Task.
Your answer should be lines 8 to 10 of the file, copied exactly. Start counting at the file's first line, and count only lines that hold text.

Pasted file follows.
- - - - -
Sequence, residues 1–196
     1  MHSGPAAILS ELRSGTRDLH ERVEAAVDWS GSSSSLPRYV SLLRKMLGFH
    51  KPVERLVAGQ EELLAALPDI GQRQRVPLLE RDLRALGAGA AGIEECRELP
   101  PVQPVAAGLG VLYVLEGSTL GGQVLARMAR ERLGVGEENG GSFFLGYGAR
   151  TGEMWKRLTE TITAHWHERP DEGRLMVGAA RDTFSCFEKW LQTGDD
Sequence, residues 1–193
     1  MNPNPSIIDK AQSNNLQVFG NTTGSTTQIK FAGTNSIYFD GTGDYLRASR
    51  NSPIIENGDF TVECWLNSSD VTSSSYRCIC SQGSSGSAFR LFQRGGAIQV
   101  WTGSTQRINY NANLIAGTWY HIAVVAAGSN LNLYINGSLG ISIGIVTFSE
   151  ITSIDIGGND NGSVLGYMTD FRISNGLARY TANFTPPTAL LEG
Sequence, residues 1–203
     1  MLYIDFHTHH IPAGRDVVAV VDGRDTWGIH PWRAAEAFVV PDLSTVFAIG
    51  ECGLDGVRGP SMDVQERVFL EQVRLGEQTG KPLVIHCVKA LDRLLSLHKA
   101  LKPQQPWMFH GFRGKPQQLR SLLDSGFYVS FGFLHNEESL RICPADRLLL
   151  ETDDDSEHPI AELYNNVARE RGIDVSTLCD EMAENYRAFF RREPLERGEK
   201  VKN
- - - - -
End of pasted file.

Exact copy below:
    51  NSPIIENGDF TVECWLNSSD VTSSSYRCIC SQGSSGSAFR LFQRGGAIQV
   101  WTGSTQRINY NANLIAGTWY HIAVVAAGSN LNLYINGSLG ISIGIVTFSE
   151  ITSIDIGGND NGSVLGYMTD FRISNGLARY TANFTPPTAL LEG